To extract the identity of the asset ( LAPTOP ) that’s embedded in the middle of the code, we’ll use the MID function. But sometimes just saying it’s in the middle of the code is not enough information for Excel. So we add further hints, such as this: The target code contains six characters and begins with the fourth character in the code. Putting all those hints together, we get this formula:

The target begins with the fourth character (L) and is six characters long.

The result will resemble exhibit 5 , below.

Sometimes it’s more important to present information in ways that make data easy to grasp and retain than to give all the exacting detail. If a report is crowded with large numbers, it’s often wise to round them off. For example, our raw data show CEO Smith earns $453,525.70 a year, but we want our report to show all salaries in thousands. So we’ll create a single formula that divides the number by 1,000 and rounds it off ( ROUND ) to the next highest digit.

We write the ROUND formula in the cell where we want the answer to appear (C2), tell Excel that the source data are in cell B2, divide B2 by 1,000 and then round it to the 10th place (one place to the right of the decimal point):


The spreadsheet should look like exhibit 6 , below.

If you wanted to round to the nearest whole number (that is, make cell B2 round to 454), use this formula:


The spreadsheet now resembles exhibit 7 , below.

Excel will apply standard rounding rules: Numbers 0 to 4 will round down; numbers 5 to 9 will round up. The format of the ROUND function is:

=ROUND(number to be rounded, number of places to round the number to).

The data in the cell to be rounded can be a number or a formula. The number of places to round to can be positive, negative or zero. A positive number rounds to the right of the decimal; a negative number rounds to the left; and zero rounds to the nearest whole number.

Caveat: Calculations performed with ROUND may produce slightly different results from calculations performed with numbers formatted to a specified number of digits (see “Maintain Accuracy in Excel,” below).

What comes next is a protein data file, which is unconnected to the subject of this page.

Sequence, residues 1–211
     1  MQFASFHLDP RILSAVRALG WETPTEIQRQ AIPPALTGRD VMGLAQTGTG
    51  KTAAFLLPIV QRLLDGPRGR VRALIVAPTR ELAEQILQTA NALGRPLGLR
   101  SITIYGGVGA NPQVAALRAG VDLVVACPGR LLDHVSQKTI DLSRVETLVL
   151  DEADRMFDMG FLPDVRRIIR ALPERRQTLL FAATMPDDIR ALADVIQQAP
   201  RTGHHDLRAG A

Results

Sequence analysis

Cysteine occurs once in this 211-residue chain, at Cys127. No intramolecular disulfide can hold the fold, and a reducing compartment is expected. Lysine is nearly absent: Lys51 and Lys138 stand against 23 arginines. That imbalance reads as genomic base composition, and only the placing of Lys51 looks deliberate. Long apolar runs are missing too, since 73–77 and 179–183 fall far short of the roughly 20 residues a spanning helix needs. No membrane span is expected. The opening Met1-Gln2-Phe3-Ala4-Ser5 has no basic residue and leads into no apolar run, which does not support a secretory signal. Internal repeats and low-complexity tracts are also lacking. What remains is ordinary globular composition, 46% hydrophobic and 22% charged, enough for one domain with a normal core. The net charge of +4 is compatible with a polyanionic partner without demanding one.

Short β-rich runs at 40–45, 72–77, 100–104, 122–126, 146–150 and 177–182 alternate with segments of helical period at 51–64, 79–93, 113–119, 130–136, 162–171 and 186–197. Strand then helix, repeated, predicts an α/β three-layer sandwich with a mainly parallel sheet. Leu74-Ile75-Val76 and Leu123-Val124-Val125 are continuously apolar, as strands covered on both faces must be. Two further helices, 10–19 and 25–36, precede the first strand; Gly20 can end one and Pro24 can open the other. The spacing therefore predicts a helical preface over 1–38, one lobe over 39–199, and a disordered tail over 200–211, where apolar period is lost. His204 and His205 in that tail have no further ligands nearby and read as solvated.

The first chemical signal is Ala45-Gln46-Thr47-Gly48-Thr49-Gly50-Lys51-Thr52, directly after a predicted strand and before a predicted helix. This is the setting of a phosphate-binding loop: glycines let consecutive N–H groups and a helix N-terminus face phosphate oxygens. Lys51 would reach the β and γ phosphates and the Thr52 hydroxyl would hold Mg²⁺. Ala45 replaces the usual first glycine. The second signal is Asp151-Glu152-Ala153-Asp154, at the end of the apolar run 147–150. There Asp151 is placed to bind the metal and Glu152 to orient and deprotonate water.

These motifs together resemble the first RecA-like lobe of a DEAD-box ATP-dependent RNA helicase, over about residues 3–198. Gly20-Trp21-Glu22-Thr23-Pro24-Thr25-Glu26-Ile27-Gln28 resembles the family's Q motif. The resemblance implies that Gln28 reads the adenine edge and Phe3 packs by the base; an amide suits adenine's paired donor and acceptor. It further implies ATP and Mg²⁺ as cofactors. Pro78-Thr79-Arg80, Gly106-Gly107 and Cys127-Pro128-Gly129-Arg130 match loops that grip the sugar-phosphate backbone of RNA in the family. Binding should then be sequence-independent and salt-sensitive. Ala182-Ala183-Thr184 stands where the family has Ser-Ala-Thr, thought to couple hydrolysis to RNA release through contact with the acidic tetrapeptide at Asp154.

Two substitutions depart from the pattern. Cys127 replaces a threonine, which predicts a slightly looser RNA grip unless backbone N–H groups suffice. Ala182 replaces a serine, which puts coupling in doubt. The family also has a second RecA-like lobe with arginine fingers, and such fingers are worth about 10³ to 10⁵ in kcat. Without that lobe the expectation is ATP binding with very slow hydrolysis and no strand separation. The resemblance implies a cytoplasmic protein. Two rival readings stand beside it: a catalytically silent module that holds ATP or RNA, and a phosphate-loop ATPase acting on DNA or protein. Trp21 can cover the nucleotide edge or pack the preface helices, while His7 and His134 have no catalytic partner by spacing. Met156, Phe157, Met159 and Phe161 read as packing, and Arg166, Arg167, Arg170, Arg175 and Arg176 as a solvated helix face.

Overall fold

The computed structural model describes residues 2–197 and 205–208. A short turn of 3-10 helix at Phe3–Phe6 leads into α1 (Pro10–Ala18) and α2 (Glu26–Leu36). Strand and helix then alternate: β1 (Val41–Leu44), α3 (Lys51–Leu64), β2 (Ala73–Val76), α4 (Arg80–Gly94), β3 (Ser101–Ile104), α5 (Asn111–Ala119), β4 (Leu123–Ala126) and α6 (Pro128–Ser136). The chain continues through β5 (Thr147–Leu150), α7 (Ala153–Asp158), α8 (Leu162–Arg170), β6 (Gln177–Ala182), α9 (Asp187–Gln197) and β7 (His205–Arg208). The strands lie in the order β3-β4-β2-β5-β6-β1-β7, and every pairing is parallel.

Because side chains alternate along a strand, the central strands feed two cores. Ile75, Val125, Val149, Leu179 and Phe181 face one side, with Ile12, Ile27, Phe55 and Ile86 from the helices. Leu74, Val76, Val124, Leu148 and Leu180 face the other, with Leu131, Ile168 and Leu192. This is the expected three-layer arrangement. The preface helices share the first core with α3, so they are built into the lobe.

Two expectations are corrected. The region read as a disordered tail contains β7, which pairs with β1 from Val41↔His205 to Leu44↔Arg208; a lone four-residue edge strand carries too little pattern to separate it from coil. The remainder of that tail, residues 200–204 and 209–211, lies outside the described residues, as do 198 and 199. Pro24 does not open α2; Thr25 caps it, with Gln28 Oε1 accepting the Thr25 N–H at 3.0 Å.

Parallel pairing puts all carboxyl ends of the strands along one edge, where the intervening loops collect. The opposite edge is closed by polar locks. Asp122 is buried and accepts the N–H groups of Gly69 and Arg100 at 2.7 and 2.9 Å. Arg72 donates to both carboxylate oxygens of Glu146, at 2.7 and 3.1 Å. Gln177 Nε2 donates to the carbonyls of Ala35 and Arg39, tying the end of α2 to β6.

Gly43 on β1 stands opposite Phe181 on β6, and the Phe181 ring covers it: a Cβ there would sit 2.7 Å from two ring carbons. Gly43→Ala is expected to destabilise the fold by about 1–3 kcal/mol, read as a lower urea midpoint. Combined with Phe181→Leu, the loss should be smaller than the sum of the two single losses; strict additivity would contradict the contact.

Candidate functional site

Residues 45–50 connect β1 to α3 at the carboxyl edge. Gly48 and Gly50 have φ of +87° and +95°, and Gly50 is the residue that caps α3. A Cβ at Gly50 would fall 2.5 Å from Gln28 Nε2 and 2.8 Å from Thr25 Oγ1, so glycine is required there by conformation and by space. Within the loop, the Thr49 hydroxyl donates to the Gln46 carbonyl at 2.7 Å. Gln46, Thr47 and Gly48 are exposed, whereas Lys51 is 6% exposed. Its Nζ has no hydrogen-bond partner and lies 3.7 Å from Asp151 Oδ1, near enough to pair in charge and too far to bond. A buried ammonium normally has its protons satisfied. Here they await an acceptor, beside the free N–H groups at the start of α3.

When you type text into a cell, inappropriate spaces sometimes are left between words. You can go into each cell and eliminate them or recruit the TRIM function with this formula, where the original text is in A2:


The TRIM function commands Excel to leave only one character space between words (see exhibit 8 , below).

Some cells limit the number of characters you can put in them, so sometimes you need to know the number of characters in a long data string. This handy Excel formula does that for you: =LEN(B2) (as shown in exhibit 9 , below).

With these few simple formulas, Excel can extract information or reformat data so the spreadsheet can read them.

JOHN DeCRISTOFARO, CPA, is finance director of a global advertising agency based in New York. His e-mail address is .

Maintain Accuracy in Excel
When you use ROUND, Excel performs its calculations with that rounded, less precise, number. The results, therefore, may vary slightly from calculations performed without rounding.

Exception: Excel gives users the option to choose a default that causes all calculations to be based on numbers as they are displayed. But the default carries a danger: Once you turn it on, the values of all the numbers displayed in the entire worksheet are held to those displayed values. To reset the default, go to Tools , Options , Calculations and select Precision as displayed (see screenshot below).